Lakewood Blog

NT Connect: 1 Corinthians 5:7

Weekly Reading: Exodus 11-15

Christ Our Passover Lamb

Imagine, just for a moment, that you are a Jewish child living in the time of Jesus. Now, borrowing on your own personal experiences as a child, imagine putting together Christmas, Easter, Independence Day – and celebrating them all at once in one great celebration. If you can do that, you’ll have some idea of what the celebration of Passover meant in a Jewish family.

The celebration of every Passover was rich in symbolism given by the Lord in the Book of Exodus. At the heart of the event was the lamb. As we examine the events of that first Passover, we discover four things about the lamb.

1. The lamb was chosen according to specific requirements (Exodus 12:3, 5)
2. The lamb was killed (Exodus 12:6).
3. The blood of the lamb was applied (Exodus 12:7).
4. The lamb was eaten (Exodus 12:8).

It was no accident that some 15 centuries later, Jesus instructed his disciples to make preparations to eat and celebrate the Passover together in what would become known as “the Lord’s Supper.” This was the Passover feast that Jesus and his disciples were observing together in the upper room. Only Jesus was about to take the familiar symbols, especially the symbol of the Lamb, and invest it with new meaning, symbolizing a new act of deliverance by God on behalf of his people.

On several occasions in the Gospels, the Scripture says that Jesus did or did not do certain things because, “His time had not yet come.” But now his time has come. And it is no accident that this time was during the Passover. Jesus died on Passover. And Paul draws out the significance of this timing in 1 Corinthians 5:7: “For Christ, our Passover lamb, has been sacrificed” (NIV).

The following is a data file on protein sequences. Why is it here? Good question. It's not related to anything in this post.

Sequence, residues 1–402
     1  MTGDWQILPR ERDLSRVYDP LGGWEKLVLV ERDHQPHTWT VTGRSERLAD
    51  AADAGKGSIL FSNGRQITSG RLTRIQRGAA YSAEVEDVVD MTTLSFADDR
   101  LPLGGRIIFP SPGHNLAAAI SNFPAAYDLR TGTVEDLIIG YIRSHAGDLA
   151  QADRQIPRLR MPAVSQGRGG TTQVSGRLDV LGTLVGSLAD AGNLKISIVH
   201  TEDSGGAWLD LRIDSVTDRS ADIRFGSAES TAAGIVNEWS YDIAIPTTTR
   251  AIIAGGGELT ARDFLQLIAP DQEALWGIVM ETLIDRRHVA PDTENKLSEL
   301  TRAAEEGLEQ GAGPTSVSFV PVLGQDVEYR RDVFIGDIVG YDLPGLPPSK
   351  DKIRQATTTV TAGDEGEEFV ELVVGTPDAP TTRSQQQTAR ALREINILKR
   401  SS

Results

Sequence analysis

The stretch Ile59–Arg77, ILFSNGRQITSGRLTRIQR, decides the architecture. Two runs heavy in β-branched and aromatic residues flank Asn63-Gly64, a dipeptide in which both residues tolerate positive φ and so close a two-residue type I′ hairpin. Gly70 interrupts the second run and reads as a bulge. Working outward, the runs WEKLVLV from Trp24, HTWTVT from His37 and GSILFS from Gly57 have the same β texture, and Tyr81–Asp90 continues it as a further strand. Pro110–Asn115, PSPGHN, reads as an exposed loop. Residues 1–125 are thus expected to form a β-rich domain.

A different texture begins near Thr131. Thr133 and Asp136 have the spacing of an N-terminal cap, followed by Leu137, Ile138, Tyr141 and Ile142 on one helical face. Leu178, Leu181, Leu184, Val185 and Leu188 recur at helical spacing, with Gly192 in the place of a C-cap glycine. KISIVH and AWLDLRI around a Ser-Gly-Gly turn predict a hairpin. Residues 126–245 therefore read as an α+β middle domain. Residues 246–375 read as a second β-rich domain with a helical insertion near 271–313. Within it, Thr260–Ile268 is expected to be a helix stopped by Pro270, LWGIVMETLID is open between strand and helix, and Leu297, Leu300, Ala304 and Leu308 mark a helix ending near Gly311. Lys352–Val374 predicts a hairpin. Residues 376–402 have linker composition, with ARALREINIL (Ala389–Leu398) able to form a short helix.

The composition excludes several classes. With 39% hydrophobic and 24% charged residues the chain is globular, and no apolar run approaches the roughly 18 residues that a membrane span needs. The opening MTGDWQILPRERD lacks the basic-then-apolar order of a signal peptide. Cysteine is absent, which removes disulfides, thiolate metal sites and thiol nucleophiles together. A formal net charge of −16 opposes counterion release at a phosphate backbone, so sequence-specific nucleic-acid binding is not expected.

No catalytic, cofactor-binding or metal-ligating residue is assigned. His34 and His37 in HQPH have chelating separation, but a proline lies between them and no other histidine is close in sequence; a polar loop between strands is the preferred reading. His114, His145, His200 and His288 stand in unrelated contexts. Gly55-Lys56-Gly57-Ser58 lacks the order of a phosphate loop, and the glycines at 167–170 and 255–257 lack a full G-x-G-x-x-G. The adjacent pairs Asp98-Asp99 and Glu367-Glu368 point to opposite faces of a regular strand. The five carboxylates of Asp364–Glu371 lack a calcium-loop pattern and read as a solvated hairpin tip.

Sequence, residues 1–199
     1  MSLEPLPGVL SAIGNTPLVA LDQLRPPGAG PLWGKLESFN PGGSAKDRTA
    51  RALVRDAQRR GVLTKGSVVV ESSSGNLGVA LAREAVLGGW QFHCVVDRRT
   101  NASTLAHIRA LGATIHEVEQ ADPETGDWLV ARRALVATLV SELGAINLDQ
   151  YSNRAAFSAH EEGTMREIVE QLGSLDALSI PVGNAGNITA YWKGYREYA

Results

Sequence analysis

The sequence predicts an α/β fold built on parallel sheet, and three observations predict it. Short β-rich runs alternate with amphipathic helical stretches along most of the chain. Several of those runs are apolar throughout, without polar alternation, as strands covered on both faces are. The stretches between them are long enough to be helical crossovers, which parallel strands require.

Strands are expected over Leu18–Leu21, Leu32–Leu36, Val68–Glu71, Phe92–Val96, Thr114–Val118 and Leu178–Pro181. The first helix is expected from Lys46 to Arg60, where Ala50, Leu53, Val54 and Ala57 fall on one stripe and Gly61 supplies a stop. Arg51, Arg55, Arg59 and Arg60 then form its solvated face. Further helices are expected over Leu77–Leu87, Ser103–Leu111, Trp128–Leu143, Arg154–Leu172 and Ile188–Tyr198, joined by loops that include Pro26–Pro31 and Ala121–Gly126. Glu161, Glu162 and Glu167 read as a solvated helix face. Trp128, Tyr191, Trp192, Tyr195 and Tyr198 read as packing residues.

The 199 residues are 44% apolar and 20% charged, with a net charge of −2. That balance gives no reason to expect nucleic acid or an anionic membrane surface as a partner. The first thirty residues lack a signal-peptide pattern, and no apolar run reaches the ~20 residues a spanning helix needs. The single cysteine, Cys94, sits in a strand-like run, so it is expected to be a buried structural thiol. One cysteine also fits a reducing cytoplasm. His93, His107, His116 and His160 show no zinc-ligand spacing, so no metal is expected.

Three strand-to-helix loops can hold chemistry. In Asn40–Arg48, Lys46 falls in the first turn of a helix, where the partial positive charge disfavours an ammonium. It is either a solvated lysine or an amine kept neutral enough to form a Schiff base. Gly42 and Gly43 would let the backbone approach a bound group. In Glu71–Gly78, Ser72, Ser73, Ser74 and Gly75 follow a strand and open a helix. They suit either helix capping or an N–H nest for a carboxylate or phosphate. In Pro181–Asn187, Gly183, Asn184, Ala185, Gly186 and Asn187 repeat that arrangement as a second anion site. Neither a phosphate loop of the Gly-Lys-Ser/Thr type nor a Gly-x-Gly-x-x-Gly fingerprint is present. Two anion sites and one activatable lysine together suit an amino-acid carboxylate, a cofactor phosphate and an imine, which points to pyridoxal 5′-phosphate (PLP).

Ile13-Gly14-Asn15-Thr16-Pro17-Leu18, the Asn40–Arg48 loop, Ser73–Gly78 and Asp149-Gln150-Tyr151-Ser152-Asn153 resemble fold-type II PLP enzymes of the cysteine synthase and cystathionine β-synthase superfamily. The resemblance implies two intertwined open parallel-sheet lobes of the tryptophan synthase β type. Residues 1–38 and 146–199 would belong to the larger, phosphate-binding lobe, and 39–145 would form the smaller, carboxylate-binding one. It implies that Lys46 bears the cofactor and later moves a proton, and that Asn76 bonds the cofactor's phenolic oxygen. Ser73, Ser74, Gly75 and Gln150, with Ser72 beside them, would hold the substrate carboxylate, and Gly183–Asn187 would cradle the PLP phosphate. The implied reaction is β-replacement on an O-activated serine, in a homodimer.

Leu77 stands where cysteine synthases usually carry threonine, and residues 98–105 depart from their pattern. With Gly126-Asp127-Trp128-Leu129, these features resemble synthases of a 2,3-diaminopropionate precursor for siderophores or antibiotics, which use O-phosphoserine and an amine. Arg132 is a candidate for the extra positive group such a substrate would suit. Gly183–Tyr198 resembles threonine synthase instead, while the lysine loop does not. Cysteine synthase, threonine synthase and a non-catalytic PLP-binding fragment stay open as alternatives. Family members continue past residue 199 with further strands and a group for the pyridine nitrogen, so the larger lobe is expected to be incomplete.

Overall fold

Let’s consider how Jesus fulfilled the symbolic significance of the Passover lamb.

1. The Lamb was chosen according to specific requirements. Jesus as the Lamb of God met this same criterion (1 Peter 1:18-20).
2. The Lamb was slain. The angel of death, eternal death, is coming on all because of sin. We need deliverance and deliverance is at hand (Romans 6:23).
3. The blood of the Lamb must be applied. It requires faith for the blood of the Lamb to be applied to our lives. We must acknowledge our sins and place our trust in Christ (Hebrews 11:28; Ephesians 2:8). Have you applied the blood of Christ to the doorposts of your life by faith?
4. As members of the community of faith, we are invited to eat the Lamb. As the spotless Lamb of God, Jesus’ death was a sufficient sacrifice once and for all. No longer do we need to slaughter a lamb. Jesus gave us two symbols of remembrance (Luke 22:19, 20).

We are invited to eat and drink together in remembrance of the sacrifice of our Passover Lamb, Jesus Christ, who gave his body for us, and who shed his blood for the forgiveness of our sins.

Bill Risinger